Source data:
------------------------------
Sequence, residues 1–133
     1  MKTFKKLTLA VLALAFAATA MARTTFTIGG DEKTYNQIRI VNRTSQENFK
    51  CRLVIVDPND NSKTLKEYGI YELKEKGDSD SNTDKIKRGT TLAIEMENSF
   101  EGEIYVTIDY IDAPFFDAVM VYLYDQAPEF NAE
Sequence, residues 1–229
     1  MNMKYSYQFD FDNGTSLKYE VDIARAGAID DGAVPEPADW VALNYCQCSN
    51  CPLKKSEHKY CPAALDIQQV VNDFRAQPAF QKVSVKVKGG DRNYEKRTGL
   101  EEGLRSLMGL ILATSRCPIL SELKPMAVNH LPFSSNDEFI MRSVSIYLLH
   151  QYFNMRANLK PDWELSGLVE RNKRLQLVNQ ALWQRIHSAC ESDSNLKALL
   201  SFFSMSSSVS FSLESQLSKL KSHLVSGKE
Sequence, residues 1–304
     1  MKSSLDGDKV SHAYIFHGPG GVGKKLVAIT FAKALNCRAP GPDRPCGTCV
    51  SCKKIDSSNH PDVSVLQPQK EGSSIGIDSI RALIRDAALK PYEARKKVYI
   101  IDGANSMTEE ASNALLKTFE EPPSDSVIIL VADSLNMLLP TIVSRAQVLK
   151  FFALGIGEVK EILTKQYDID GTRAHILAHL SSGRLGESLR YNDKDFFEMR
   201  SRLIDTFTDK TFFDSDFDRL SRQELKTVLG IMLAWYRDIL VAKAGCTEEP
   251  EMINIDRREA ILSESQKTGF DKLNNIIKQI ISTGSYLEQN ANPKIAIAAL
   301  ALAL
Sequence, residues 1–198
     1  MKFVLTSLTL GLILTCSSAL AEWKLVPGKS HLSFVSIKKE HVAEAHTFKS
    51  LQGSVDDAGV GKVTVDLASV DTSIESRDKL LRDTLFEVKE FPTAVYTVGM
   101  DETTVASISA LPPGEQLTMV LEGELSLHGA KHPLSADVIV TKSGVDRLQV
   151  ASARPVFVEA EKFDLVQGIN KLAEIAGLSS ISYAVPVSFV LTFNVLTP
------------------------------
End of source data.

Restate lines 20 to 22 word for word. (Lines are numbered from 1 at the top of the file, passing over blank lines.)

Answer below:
     1  MKFVLTSLTL GLILTCSSAL AEWKLVPGKS HLSFVSIKKE HVAEAHTFKS
    51  LQGSVDDAGV GKVTVDLASV DTSIESRDKL LRDTLFEVKE FPTAVYTVGM
   101  DETTVASISA LPPGEQLTMV LEGELSLHGA KHPLSADVIV TKSGVDRLQV